I left cranberry sauce and stuffing out, can I still eat it?

Posted on November 27, 2009 by

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 No. Bacteria exist everywhere in nature. They are in the soil, air, water, and the foods we eat. When they have nutrients (food), moisture, and favorable temperatures, they grow rapidly, increasing in numbers to the point where some types of bacteria can cause illness. Bacteria grow most rapidly in the range of temperatures between 40 and 140 °F, some doubling in number in as little as 20 minutes. Some types will produce toxins that are not destroyed by cooking.

Pathogenic bacteria do not generally affect the taste, smell, or appearance of a food. In other words, one cannot tell that a food has been mishandled or is dangerous to eat. For example, food that has been left too long on the counter may be dangerous to eat, but could smell and look fine. If a food has been left in the “Danger Zone” – between 40 and 140 °F – for more than 2 hours, discard it, even though it may look and smell good. Never taste a food to see if it is spoiled.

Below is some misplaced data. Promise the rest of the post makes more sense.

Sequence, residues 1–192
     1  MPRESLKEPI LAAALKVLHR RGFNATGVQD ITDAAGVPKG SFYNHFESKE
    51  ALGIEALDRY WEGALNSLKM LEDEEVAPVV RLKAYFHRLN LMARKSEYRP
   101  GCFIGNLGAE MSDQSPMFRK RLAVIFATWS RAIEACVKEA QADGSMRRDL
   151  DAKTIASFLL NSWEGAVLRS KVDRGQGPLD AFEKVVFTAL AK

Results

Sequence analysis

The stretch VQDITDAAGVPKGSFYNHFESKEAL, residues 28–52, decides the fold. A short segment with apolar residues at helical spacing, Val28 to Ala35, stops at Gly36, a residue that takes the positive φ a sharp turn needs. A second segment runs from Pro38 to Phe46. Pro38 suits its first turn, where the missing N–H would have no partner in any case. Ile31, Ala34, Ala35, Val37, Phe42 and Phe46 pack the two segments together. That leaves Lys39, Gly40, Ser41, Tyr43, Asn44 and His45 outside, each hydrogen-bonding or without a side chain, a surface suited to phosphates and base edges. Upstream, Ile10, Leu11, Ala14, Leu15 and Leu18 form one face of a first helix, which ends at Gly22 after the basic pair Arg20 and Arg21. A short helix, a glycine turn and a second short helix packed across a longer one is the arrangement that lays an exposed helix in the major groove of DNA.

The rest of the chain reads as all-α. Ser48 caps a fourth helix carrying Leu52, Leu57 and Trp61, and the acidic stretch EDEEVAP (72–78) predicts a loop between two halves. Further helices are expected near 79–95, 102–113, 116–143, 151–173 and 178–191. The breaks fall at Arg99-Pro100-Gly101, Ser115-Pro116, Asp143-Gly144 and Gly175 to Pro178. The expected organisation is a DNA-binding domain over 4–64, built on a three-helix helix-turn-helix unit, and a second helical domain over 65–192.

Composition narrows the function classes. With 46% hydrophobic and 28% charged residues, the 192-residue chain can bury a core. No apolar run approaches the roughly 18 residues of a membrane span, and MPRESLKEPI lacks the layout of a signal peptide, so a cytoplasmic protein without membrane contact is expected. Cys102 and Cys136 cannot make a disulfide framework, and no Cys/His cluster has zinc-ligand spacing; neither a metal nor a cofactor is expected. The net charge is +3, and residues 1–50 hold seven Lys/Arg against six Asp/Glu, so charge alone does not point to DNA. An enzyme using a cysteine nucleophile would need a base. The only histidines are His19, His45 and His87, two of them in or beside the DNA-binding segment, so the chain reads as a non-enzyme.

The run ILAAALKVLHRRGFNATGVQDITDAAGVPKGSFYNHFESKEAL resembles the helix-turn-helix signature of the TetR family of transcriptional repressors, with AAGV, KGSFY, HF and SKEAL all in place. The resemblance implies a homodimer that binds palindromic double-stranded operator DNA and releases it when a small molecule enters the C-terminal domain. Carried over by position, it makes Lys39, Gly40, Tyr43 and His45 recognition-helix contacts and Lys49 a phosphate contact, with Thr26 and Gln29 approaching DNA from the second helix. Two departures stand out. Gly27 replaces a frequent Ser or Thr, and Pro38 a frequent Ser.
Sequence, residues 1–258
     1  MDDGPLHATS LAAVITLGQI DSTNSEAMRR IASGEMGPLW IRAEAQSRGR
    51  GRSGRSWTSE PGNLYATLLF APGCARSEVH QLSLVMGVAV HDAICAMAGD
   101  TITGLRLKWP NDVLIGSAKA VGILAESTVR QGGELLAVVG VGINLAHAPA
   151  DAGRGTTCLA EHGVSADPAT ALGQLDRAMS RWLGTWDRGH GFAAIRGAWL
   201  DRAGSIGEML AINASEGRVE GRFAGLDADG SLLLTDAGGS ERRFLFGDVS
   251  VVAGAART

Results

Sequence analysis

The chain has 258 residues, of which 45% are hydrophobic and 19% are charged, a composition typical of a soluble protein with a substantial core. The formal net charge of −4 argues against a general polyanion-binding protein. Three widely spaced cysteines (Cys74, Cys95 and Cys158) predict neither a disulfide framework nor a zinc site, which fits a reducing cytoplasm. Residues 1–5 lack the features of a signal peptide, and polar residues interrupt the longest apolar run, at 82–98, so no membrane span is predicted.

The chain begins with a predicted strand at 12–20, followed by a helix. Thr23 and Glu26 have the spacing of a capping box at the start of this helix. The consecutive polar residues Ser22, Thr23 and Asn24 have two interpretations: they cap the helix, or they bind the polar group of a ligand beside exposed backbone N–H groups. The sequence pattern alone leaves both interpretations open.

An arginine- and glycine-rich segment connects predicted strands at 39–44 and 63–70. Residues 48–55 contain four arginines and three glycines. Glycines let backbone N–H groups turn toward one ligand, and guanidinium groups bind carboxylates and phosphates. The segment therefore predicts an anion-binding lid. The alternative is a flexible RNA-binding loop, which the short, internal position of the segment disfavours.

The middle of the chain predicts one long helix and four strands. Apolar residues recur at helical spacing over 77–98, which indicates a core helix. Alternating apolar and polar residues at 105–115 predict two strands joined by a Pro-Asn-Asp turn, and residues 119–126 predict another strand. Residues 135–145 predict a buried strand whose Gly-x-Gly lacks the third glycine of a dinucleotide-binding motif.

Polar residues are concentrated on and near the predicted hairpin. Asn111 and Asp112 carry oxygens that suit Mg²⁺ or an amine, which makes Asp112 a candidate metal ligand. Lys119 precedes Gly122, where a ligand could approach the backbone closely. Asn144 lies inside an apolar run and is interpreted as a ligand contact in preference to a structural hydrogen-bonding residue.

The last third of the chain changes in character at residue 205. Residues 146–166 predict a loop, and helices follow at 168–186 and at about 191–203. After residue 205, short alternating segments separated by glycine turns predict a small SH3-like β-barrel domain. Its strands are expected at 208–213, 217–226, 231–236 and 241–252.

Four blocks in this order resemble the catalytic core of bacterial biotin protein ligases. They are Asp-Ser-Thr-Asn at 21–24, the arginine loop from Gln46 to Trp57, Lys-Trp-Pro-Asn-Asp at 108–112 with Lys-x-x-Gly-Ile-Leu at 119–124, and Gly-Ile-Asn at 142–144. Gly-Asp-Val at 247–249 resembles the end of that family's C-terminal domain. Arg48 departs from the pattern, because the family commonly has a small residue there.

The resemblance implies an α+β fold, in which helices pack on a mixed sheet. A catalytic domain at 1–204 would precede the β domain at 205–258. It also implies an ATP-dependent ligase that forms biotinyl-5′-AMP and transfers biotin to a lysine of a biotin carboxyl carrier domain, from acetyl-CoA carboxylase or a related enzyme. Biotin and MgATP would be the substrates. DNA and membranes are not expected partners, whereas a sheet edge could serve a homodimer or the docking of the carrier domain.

(Sources: Keeping Food Safe During an Emergency; Fighting BAC!® by Chilling Out; Refrigeration and Food Safety.)

Posted in: Family safety